Tag Archives: Sandakphu

A glimpse of Gorgeous Nepal!

Originally posted on Gorgeous Nepal

One of the most brilliant sights across any landscape is the sight of Mountains reaching out to great heights across clouds! While I’m an avid mountaineer, trekker and have great aspirations one day to reach out to many mountains across the world, especially Everest Base camp and with Nepal’s Namche Bazaar being on my bucket list for certain, I’m yet to explore Nepal to the fullest. However, my first experience of Nepal was a mere glimpse of the beautiful and chivalrous mountains across the Indo-Nepal border on my Sandakphu trek in Darjeeling.

Indo Nepal Border

Yes, I can say that ‘technically’ I’ve been to Nepal, and boy, it has been quite a brilliant expose so far. This was back in November 2011, when I decided to take a trek with Youth Hostels Association of India into Sandakphu, the route to which was interspersed with entry and exit points across a few villages up the hills in Nepal. Specifically Jaobari and Kalipokhari. And while one may say, that’s hardly any experience in Nepal, I might beg to differ and have a completely amazing experience of the beauty those desolate places had to offer me. One thing that this trek offered, when you reach the top most point in Sandakphu, was a glimpse of Mt. Everest and a closer view of Kanchenjunga.

Tumling, Nepal, Himalayas

Our first stop at a point where we entered into Nepal was at a small pit-stop in Tumling. Though not proper Nepal, this region was quite a charm when it came to serenity and the most amazing food they served here. The evening was quite chilly and fog set in even as we reached there in the evening. But that did not deter us from going out for a short walk and exploring a bit of Tumling. Once we did that, we had amazing dinner prepared by Neela Di, the camp leader, a glorious entrepreneur who ran the camp lodge all by herself. This is a common sight you get to see in North East, Himalayas and Nepal regions. Most of the setups are managed very efficiently by the women of the house while husbands are mostly Sherpas. After dinner, we were joined by a couple of guides one of whom was really good at playing the guitar and he played some amazing Nepali songs while we hummed along.

Sunrise, Mountains, Sunrise on Mountains, Nepal

What was even more wonderful was the glimpse of a very early sunrise at 5.30 AM. Though the clouds and the mountains tried their best to hide the sun, the tinge of a yellowish orange sky made for one of the best views I’d ever seen across these mountains.  A much needed refresher for the journey up ahead on Day 2. That was the time when we had to scale a daunting climb, to take us into Kalipokhari. While there is a lot of effort you might need to take as soon as you move beyond Jaobari, another small village across Indo-Nepal border, you’ll realize that the most amazing landscapes of the young mountains will give you a sense of serenity that you would not really experience anywhere else. On your way, the Jaobari monastery is quite a small and melancholy stop, which will get you to think, how peaceful this region is.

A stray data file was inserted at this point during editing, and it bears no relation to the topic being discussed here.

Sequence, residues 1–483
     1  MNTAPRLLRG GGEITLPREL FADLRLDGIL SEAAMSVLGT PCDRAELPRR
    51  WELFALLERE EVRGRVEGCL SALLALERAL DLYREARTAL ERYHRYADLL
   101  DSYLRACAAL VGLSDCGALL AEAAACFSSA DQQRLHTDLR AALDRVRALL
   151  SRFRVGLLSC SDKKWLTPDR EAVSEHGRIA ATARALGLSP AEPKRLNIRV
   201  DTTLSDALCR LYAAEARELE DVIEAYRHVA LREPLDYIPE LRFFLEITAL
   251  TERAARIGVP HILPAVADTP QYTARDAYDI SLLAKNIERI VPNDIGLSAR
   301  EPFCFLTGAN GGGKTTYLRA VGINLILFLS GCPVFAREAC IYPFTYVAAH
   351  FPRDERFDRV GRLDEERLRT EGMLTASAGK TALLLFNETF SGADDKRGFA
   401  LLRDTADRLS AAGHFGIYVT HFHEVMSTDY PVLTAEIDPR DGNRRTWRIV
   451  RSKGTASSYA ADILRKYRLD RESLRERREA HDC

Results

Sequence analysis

Jaobari

After trekking for 4-5 hours, when we reached a pit-stop, we decided to stop over at a small place, which served amazing food and great mint tea. While I’m not a big fan of mint tea or tea as much, I decided to try out the Nepalese instant noodles. This was their answer to Maggi. ‘Rum Pum’ as it’s called.

Nepalese Noodles Rum Pum

That was our last stop before we actually reached the Black Lake a.k.a Kalipokhri! It is believed that Nepalese villagers worship the black lake and no one is allowed to take a swim or a dip in this lake. The temperature was freezing and it was already evening as we approached this village.

Kalipokhari, Kalapokhari, Nepal, Sandakphu

Once we settled down, we sat by the fire inside the kitchen and started mingling with the locals. So much so, that we even had a chance to listen to Nepalese radio channel, Koshi FM. Some were Hindi songs, and some Nepalese! Was fun tuning into the radio as we had our grub.

There was an interesting structure is like an indication of the Indo-Nepal border, with the right side being Nepal and the Left being India. This was at the entrance to our camp in Kalipokhari. The weather in Kalipokhri gave quite the chills. Freezing as it was, we certainly felt the pinch even when we had to step out of our wooden cottages to go have dinner in the hall. Our saving grace was that we didn’t have to wash our hands with cold water. There was provision for warm water and that was something all of us desperately desired for, after having dinner.

After a tiring hike and extremely fatigued run of this last stretch of uphill mountains one could only feel joy and glory when we saw that flag flying high. We knew we had reached Sandakphu. Post lunch we explored a couple of places on the Nepal side of Sandakphu. A Buddhist Monastery near a Shiva Temple and a small pond of water.

Maahi River's Origin